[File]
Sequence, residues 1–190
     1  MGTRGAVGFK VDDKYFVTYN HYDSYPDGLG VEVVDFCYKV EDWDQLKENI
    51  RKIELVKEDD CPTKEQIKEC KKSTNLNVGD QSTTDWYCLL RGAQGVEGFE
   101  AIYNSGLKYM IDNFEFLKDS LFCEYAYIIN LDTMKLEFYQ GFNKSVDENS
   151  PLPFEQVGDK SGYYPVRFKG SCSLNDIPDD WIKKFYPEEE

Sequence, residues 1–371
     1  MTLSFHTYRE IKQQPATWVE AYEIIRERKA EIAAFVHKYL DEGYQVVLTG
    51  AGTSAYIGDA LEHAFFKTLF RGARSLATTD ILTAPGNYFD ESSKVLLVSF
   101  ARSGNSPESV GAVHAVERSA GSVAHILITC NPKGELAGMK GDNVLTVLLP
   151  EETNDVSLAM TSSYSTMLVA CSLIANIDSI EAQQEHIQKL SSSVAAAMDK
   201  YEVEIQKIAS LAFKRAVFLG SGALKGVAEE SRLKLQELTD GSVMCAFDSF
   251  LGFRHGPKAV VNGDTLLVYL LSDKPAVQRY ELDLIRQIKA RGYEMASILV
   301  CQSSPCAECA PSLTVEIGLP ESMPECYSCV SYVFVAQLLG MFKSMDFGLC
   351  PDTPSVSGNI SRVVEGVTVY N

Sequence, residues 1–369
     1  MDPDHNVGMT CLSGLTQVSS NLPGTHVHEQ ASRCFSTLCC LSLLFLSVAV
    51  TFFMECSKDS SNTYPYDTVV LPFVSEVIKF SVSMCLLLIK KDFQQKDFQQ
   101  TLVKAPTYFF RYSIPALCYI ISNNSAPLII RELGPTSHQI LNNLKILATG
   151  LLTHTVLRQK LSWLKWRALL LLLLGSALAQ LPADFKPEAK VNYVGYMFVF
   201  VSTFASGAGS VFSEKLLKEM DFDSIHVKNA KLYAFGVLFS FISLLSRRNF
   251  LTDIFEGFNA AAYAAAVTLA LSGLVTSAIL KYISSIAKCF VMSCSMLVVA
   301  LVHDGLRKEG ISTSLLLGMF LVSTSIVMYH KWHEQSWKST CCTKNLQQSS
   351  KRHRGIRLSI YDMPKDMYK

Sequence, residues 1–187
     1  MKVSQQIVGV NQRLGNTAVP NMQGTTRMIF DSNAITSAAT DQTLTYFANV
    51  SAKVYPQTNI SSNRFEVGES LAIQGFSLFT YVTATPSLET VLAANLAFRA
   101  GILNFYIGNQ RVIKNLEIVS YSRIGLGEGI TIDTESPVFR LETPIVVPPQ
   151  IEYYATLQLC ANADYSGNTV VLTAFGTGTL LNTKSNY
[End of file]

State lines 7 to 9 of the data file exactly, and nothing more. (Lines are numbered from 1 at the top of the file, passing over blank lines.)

     1  MTLSFHTYRE IKQQPATWVE AYEIIRERKA EIAAFVHKYL DEGYQVVLTG
    51  AGTSAYIGDA LEHAFFKTLF RGARSLATTD ILTAPGNYFD ESSKVLLVSF
   101  ARSGNSPESV GAVHAVERSA GSVAHILITC NPKGELAGMK GDNVLTVLLP